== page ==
The second reason is that the compiler is allowed to move your code around, and write or not write to main memory as the specification allows.

If you are looking for something simple to hang your head around, one way of looking at it is that non-volatile writes may or may not be seen by other threads without additional synchronization (and they might show up in a weird order), and that volatile writes will be seen by other threads in the order they happen. This isn't 100% accurate, but it is pretty close.

Sankar Banerjee said...

Thanks Jeremy.

Sankar Banerjee said...

Jeremy there is one more question regarding "ordering", i.e. the third example. I just add a third variable c and only make this variable as volatile.

Question 1: I guess threadTwo() will return true. Then (in this scenario) can we assume that we could make only c as volatile, rather than all three?

class BadlyOrdered {
boolean a = false;
boolean b = false;
volatile boolean c = false;

void threadOne() {
a = true;
b = true;
c = true;
}

boolean threadTwo() {
boolean r3 = c; // sees true
boolean r1 = b; // sees true
boolean r2 = a; // sees true

return (r1 && r2 && r3);// returns true
}

}

Question 2: Do all the instructions in a method in the same thread become ordered if only the last instruction writes to a volatile, like in threadOne().

Questioned: Are all the statements in a synchronized block ordered?

Sankar Banerjee said...

Sorry, I am taking your precious time Jeremy :-)

But where else to go?

One question: Which all independent statement may not be reordered? I meant to say other than write to volatile are there any other such statements? What about Thread.start() or Thread.join()?

Thanks in advance..

Jeremy Manson said...

@sankar - Doug Lea runs a concurrency-interest mailing list, and they often deal with memory model questions.

For question 1, if r3 is true, then r1 and r2 will also be true.

For question 2, if there is a volatile write, and another thread sees the result of that write, then it will see all of the actions that happened before that write. If you are asking whether the actions that happened before that write are ordered with respect to each other, the answer is no.

boolean a = false;
boolean b = false;
volatile boolean c = false;

void threadOne() {
a = true;
b = true;
c = true;
}

boolean threadTwo() {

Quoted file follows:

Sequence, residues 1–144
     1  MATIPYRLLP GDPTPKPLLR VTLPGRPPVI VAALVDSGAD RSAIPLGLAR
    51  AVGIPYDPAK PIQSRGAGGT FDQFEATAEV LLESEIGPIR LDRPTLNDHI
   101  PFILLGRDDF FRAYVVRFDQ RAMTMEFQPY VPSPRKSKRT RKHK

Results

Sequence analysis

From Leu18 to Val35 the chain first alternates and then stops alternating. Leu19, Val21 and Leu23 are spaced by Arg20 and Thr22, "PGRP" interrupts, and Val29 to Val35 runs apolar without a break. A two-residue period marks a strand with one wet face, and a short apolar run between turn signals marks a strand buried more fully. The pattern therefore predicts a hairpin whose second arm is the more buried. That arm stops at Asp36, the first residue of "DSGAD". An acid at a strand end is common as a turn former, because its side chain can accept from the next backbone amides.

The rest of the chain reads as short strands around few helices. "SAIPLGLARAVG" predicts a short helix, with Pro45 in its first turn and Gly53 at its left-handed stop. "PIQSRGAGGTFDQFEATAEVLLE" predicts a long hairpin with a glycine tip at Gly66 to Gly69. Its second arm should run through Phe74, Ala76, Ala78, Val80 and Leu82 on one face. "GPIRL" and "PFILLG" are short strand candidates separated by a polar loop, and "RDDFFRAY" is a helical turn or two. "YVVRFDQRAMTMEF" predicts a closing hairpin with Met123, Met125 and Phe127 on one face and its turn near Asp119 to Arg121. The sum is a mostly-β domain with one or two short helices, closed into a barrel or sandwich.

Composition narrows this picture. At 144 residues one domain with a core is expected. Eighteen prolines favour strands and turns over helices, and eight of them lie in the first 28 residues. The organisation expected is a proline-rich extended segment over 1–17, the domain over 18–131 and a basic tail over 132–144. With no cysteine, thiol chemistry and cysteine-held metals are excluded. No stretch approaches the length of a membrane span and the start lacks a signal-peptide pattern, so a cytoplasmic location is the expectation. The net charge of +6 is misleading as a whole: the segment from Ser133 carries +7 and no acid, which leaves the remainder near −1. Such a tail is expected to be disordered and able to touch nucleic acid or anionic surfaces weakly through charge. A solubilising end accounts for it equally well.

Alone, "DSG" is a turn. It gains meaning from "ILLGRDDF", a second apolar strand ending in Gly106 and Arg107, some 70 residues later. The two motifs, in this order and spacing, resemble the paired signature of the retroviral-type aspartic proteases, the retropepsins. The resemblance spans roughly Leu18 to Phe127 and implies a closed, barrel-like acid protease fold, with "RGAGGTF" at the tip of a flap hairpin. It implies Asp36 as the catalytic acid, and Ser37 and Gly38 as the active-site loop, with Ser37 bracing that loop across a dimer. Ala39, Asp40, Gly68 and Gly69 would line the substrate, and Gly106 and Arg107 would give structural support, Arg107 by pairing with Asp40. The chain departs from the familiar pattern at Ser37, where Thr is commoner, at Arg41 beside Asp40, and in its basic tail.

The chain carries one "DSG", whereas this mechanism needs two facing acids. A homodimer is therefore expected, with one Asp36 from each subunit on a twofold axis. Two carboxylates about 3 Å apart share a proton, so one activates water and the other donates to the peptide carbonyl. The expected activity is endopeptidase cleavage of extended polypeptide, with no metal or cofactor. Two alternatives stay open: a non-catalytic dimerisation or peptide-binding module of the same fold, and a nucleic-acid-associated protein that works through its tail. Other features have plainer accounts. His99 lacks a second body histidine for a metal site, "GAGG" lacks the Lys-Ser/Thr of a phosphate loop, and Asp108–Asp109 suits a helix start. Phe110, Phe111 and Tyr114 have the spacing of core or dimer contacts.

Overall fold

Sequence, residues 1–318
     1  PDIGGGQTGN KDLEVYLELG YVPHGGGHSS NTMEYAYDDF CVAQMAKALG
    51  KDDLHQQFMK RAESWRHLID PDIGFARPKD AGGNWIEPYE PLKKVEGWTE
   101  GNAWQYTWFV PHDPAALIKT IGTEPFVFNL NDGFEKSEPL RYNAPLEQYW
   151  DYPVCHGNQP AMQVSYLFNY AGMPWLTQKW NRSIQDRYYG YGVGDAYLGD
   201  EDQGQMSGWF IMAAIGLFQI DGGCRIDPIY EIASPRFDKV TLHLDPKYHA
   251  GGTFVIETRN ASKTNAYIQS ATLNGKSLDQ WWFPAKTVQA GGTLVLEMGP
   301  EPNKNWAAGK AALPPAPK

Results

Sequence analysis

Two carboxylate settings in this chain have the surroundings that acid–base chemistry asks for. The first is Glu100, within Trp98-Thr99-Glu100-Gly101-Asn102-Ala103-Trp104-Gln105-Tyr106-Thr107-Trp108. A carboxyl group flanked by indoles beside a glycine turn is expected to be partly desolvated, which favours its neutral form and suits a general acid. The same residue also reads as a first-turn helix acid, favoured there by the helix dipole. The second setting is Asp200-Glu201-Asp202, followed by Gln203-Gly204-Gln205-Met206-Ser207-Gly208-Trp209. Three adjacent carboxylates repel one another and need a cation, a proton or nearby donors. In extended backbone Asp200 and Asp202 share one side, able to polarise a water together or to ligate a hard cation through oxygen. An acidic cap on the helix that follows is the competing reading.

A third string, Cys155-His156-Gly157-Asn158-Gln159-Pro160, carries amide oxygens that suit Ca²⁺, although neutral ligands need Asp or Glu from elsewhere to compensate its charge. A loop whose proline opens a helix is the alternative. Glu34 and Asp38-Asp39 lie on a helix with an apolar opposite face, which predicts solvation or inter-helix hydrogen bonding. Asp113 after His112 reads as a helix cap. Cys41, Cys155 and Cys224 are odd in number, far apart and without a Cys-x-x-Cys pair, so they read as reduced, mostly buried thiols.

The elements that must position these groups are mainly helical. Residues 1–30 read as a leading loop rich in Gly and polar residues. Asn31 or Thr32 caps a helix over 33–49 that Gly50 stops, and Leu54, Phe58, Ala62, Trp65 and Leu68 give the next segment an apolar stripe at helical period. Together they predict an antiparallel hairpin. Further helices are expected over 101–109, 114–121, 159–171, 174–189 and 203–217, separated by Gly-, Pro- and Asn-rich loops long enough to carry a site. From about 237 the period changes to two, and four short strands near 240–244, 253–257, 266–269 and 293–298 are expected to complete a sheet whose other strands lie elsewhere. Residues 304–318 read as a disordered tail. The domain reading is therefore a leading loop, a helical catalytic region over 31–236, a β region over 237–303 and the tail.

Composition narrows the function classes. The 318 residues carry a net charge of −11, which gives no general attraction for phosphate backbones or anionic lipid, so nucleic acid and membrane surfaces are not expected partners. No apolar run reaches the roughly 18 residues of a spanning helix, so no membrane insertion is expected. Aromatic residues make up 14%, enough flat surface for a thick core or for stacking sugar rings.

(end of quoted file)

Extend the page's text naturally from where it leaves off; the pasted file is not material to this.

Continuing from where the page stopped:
boolean r3 = c; // sees false
boolean r1 = b; // sees true
boolean r2 = a; // may see false, because not ordered WRT b.
}

For question 3, statements in a synchronized block are ordered with respect to other blocks that synchronize on that lock, but not necessarily other threads that don't synchronize on that lock:

boolean a = false;
boolean b = false;

synchronized void threadOne() {
a = true;
b = true;
}

synchronized boolean threadTwo() {
boolean r3 = b; // sees true
boolean r1 = a; // sees true
}

/*unsynchronized*/ boolean threadThree() {
boolean r3 = b; // sees true
boolean r1 = a; // may see false
}

For question 4, Thread.start() acts like a volatile write, and the start of the thread acts like a volatile read. Thread.join() acts like a volatile read, and the end of the thread acts like a volatile write. We say that these things come in synchronization order, and the list of actions that form the synchronization order are here:

http://docs.oracle.com/javase/specs/jls/se7/html/jls-17.html#jls-17.4.4

Sankar Banerjee said...

Thanks a ton Jeremy

TRANSFORMATION said...

Awesome Post Jeremy !!! Thanks,

Would this code fix the atomicity problem you described..

class BrokenBankAccount {
private int balance = 10;

synchronized int getBalance() {
return balance;
}

synchronized void setBalance(int x)
throws IllegalStateException {
balance = x;
if (balance < 0) {
throw new IllegalStateException("Negative Balance");
}
}

void deposit(int x) {

setBalance(this.balance + x);

}

void withdraw(int x) {


setBalance(this.balance - x);

}
}

Jeremy Manson said...

@TRANSFORMATION: No, that would not work. In that case, you are just accessing balance without holding the lock at all, which is a no-no.

Anonymous said...

Hi Jeremy, I have a question about the code below.

class MyClass{

private int val;

int update(int upd){
this.val = upd;
return val
}
}

If I then create obj, an object of type MyClass and let it be shared by two threads t1 and t2, whose codes are as follows:

t1:
a = 10;
System.out.println((a == obj.update(a)));

t2:
b = 20;
System.out.println((b == obj.update(b)));

Is it possible that t1 and t2 print false? Based on what I know, update() is not atomic and I am thinking that it is possible to have the following trace:

1. t1 calls update without returning yet
2. t2 calls update without returning yet
3. the call of update by t1 returns
4. the call of update by t2 returns

If that would happen, I expect that t1 will print false, assuming that the change is visible. However, I tried to run this code many times and it has always been true for both thread. Of course I know that just running the code is not enough, but I cannot seem to find a good explanation for this.

What do you think?

Jeremy Manson said...

@anonymous: it is possible, but not very likely in practice. The more likely possibility is that one of them will return false and the other will return true, because it will be interrupted by the other thread between setting the value and checking the assertion - that would almost certainly happen in a real application.